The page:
So ... you want to create a meadow (small or large) but the idea of plowing up the entire area, seeding it with
a premixed 'meadow mix', and keeping it watered all season seems daunting. There is an alternative which is
quite easy, and can yield quite good results without using up all the energy to till the field and all the risks
involved in such an approach.
First of all, let me say a few words about tilling soil. I have nothing against tilling your soil, per se.
We certainly till our vegetable garden each year. However, one of the things that you accomplish when you
till soil is that in addition to killing the plants that are already growing there and loosening up the soil
(which is what you are usually trying to do), you also bring a lot of seeds to the surface (including weed seeds)
and you greatly increase the risk of soil erosion. Particularly for large tilled areas, soil erosion can be
a real problem. An additional problem that folks run into when they till a large area and seed it to meadow
plants is how in heavens name do you keep all those little seedlings watered as the heat of summer comes on.
Here at Toadshade, we have about a 1.5 acre meadow that had been mowed and treated like a somewhat neglected
lawn for many years before we got a hold of it. We took a long term and ecologically based approach to starting
our meadow. First, we allowed everything to grow to see what we had. In some cases, if you do this, you
find nothing but invasive weedy species. We did not. We found that we had Foxglove Beardtongue
(Penstemon digitalis), Broomsedge (Andropogon virginicus), Slender Mountain Mint
(Pynanthemum tenuifolium), Lance-leaved Goldenrod (Euthamia graminifolia),
Northern Blue-Eyed Grass (Sisyrinchium angustifolium), Deertongue Grass (Dichanthelium clandestinum),
Switch Grass (Panicum virgatum) and a variety of other plants present that made a
good basis for a meadow.
If we had allowed nature to entirely take its course, we would have been relying on what ecologists refer to as
'Primary Spread' to introduce new plants into our meadow. Primary spread occurs when a plant (or anything else for
that matter) is first introduced into an area where it did not occur before. In the wild, plants may arrive having
their seeds carried on the wind, deposited in animal droppings (bird, mammal, reptiles, insect), or even deposited
by animals while grooming themselves. 'Secondary Spread', on the other hand, refers to new plants that spring up
within the field that are offspring of the 'Primary Spread' individuals. So look at it this way - quite a few years
ago we had a single plant of Common Milkweed (Asclepias syriaca) show up in our lower meadow (Primary Spread).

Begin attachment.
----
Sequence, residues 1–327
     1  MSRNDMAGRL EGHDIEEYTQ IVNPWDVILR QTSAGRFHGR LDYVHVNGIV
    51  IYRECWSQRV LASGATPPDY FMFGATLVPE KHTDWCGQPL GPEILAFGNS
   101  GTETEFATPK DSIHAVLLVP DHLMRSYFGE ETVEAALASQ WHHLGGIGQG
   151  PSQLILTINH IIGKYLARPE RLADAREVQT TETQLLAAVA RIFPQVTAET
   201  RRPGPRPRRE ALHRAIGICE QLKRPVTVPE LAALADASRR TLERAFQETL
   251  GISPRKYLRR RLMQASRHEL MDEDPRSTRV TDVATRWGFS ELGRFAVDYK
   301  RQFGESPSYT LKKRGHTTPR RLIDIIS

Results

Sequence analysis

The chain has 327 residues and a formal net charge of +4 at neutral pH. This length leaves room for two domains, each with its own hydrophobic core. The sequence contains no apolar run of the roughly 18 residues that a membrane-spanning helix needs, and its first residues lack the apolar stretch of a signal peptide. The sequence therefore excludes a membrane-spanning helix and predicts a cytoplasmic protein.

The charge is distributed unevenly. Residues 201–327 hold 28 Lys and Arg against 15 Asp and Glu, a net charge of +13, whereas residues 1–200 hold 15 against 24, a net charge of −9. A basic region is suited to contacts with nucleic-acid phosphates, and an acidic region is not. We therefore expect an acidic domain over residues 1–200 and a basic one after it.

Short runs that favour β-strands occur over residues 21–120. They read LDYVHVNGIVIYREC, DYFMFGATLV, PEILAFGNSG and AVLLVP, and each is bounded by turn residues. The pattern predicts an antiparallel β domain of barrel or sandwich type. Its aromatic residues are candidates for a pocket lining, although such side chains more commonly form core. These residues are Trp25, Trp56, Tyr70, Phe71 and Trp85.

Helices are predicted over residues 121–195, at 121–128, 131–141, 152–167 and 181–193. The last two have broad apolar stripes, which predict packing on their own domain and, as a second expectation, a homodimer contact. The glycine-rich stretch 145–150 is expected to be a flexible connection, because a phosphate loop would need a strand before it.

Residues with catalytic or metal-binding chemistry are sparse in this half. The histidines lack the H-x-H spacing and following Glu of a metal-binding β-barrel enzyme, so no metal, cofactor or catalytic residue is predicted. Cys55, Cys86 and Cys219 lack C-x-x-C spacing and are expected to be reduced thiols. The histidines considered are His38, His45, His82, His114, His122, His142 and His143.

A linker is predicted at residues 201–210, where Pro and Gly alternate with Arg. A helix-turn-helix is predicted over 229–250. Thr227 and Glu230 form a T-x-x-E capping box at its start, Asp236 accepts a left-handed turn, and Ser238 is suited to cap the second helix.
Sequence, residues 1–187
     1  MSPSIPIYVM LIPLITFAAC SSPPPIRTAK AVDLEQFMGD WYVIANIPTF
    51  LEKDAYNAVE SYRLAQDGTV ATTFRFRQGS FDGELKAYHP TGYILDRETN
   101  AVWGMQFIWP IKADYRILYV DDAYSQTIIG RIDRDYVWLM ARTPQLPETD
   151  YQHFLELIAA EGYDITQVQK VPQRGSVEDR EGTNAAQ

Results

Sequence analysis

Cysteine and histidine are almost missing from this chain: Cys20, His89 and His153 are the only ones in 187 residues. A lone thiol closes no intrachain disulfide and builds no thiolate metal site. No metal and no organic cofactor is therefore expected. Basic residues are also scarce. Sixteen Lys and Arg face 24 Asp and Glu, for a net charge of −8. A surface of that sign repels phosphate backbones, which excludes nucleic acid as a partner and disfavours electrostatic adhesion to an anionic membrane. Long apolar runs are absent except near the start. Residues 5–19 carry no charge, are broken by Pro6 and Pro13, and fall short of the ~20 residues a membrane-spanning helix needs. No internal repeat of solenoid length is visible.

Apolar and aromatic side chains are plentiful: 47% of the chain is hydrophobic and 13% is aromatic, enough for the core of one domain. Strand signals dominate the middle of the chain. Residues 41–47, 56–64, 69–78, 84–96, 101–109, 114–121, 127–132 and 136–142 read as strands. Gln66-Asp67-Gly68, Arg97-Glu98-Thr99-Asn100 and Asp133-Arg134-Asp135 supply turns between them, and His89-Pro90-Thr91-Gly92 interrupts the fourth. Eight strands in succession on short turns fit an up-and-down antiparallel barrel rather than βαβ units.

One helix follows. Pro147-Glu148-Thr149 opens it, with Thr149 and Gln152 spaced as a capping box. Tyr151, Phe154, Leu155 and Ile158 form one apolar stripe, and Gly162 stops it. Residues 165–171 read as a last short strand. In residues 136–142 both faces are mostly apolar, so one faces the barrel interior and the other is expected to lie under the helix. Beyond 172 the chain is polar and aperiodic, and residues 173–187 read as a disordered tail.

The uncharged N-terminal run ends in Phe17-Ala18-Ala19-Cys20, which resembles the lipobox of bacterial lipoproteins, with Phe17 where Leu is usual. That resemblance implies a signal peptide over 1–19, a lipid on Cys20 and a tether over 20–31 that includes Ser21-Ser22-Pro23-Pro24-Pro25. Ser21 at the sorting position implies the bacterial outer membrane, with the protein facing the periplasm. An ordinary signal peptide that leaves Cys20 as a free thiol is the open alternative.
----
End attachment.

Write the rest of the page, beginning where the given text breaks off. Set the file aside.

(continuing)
That year we allowed it to go to seed and let nature have her way. In subsequent years, the number of plants has
increased until we have Common Milkweed scattered over about a 200 square foot area (Secondary Spread).
(The Monarch Butterflies and caterpillars enjoy this patch very much, by the way!)
So how do we use these principals to our advantage? To improve our meadow, we took an approach that mimicked
nature and gave us a manageable way to increase the diversity of plants in our meadow. We use what I like to call
the Pocket Approach (or, perhaps, managed Primary Spread).
- First - we choose small areas of the field or 'Pockets' (really small - 1 sq yrd) that have nothing
interesting growing there.
- Second - we choose native plants that we want to introduce - perennials adapted to partial sun or full sun
and average to dry moisture for our meadow conditions - and we plant them into our 'Pockets' . (Primary Spread)
- Third - we cage each 'Pocket' (we have a LOT of deer and woodchucks/groundhogs that come to visit).
- Fourth - we visit the 'Pocket(s)' periodically over the season to do any weeding/watering that is necessary
to establish the plants in the field.
- Fifth - we allow the plants to go to seed (hopefully leading to Secondary Spread) and remove the cages from
the 'Pockets' after the first season.
This procedure is not very time consuming and can produce very good results! You can put as many or as few
Pockets in your meadow as you think you can manage. Pockets can be planted to all one species, or each Pocket
can contain a small mix of species that you are trying to introduce.
Of course, even a meadow needs some care. We usually mow our meadow once a year (sometime between late
fall and early spring) which helps to keep out the woody species that want to come in and continue the process
of old field succession (meadow turns to shrubby meadow which then turns to young forest and finally turns to
old forest, see the Rutgers site at
Once your meadow is established, mowing too late in the season can discourage or disturb some wonderful ground
nesting birds (for example, the beautiful Blue Winged Warbler (Vermivora cyanoptera) which we
have been fortunate enough to have nest in our meadow!). We also establish paths through our meadow early in
the season - we keep these mowed and they give us a way to walk the meadow and enjoy it! They also make it
easier to get water to our 'pockets' and allow us to keep an eye out for alien invasive species so we can
try to rogue them out.